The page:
Hitler believed that if he could reach Antwerp and choke the Allies’ massive superiority in materiel, he could somehow wrench victory from the jaws of defeat. Caddick-Adams tells a tale as tense and addictive as any murder mystery. Let’s look at the three main ingredients of such tales:

Motive; in the east, the Russians were just too many, too implacable, and too powerful, so Hitler needed a win – somewhere, anywhere.

Opportunity; the largely American forces in the Ardennes area were a mixture of battle-hardened veterans who has stormed the Normandy beaches on 6th June, and more callow units. Some had been battered and bloodied by the savage fighting in the Hurtgen Forest earlier that year. For a first hand account of that battle seen through the eyes of JD Salinger, click this link. None of these American units were expecting anything other than a steady but remorseless slog eastwards until they crossed the Rhine, until they were able to beard the Fuhrer in his den.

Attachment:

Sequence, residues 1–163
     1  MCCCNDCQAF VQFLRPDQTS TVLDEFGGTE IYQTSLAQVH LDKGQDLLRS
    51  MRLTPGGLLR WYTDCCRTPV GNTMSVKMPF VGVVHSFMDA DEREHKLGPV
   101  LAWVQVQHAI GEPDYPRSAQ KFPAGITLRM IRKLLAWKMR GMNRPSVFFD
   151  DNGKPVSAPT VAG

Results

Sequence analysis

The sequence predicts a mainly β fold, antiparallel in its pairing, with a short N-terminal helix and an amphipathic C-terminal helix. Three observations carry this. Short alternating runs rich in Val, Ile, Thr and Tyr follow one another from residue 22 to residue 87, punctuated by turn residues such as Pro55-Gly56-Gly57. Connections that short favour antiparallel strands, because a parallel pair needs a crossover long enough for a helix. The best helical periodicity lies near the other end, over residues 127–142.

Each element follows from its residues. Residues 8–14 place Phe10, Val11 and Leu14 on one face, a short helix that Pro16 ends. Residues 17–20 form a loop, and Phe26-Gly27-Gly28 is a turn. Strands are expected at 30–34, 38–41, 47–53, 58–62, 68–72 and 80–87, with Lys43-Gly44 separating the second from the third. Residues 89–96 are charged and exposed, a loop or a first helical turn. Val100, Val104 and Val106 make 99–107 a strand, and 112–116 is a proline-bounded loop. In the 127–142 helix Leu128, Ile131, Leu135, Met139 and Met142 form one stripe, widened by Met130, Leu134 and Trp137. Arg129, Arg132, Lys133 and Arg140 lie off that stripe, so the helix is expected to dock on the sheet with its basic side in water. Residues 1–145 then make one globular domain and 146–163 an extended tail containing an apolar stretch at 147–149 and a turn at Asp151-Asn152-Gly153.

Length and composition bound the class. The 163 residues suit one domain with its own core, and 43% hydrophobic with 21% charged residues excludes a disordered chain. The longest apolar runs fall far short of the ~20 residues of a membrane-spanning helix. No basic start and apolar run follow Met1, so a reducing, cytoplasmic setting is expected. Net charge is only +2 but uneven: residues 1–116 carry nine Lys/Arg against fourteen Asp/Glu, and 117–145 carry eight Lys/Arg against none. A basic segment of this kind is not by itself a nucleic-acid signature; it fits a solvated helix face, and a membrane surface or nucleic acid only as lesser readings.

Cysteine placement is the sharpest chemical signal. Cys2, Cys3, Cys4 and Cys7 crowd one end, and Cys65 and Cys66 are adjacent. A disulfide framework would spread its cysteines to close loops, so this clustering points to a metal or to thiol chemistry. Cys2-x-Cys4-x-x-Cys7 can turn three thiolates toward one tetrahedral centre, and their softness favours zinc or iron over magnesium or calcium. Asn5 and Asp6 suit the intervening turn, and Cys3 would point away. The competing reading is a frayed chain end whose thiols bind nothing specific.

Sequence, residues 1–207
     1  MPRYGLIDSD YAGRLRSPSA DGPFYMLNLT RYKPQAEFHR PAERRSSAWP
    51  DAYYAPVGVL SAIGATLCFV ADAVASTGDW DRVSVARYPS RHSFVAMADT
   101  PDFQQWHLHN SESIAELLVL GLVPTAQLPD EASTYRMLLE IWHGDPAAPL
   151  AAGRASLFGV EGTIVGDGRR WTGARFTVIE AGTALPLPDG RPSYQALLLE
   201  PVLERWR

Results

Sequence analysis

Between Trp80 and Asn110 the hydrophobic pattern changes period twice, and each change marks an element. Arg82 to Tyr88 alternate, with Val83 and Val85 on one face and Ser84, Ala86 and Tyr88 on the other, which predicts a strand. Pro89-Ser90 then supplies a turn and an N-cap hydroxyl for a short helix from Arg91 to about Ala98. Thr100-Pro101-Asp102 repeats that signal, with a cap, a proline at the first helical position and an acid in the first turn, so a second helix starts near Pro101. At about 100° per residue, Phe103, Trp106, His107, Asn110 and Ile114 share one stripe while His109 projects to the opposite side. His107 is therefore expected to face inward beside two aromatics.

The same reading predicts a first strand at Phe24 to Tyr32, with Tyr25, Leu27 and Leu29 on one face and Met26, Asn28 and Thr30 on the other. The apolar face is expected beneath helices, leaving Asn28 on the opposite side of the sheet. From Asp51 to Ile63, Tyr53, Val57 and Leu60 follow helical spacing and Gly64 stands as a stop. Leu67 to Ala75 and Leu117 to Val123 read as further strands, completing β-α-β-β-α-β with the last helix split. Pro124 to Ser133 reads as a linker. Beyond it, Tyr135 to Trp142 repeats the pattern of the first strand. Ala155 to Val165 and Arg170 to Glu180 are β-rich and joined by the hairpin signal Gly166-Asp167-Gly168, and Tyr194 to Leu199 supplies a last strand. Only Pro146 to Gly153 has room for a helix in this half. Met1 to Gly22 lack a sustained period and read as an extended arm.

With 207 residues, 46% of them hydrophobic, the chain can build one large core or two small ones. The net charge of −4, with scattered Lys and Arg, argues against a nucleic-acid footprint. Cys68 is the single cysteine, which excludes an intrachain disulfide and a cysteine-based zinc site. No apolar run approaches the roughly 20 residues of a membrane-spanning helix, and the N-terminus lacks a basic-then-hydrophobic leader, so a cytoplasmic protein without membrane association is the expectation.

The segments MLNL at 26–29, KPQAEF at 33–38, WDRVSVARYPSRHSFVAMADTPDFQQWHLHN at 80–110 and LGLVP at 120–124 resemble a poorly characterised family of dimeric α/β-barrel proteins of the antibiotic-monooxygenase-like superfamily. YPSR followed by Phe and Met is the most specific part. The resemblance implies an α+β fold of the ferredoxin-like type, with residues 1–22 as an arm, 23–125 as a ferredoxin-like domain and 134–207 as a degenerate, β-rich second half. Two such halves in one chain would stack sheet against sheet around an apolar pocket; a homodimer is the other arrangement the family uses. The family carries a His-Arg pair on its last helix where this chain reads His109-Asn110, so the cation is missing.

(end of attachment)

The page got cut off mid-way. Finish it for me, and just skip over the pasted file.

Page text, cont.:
Means? Aye, there’s the rub.  Caddick-Adams explains that the cream of the German army had already been wiped out on the undulating fields of Normandy and bleaker killing grounds of East Prussia. The Werhmacht – comprising its three branches of land, sea and air forces – was on its uppers. To boost the forces attempting to storm their way across Belgium and recapture Antwerp, navy men from the Kriegsmarine and ground-crew from the Luftwaffe were given a helmet and a gun, and pitched against American forces.